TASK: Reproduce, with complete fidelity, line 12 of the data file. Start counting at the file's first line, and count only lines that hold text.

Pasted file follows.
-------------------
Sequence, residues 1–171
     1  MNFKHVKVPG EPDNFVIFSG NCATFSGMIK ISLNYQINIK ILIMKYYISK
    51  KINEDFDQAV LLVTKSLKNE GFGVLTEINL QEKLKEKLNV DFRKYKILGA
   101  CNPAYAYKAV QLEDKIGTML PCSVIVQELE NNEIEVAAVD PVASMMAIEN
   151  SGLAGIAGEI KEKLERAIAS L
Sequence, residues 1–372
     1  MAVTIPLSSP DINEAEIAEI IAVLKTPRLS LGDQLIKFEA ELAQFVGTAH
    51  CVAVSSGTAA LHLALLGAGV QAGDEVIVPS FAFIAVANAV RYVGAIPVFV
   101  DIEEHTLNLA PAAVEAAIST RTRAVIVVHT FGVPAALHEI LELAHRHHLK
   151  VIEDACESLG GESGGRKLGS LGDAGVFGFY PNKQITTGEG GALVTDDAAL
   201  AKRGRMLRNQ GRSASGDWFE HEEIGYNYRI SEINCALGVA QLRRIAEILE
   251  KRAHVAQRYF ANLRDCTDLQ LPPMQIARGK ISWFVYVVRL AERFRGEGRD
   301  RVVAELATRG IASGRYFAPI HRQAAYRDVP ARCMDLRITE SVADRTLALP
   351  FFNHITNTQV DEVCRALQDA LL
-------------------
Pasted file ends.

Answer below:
   251  KRAHVAQRYF ANLRDCTDLQ LPPMQIARGK ISWFVYVVRL AERFRGEGRD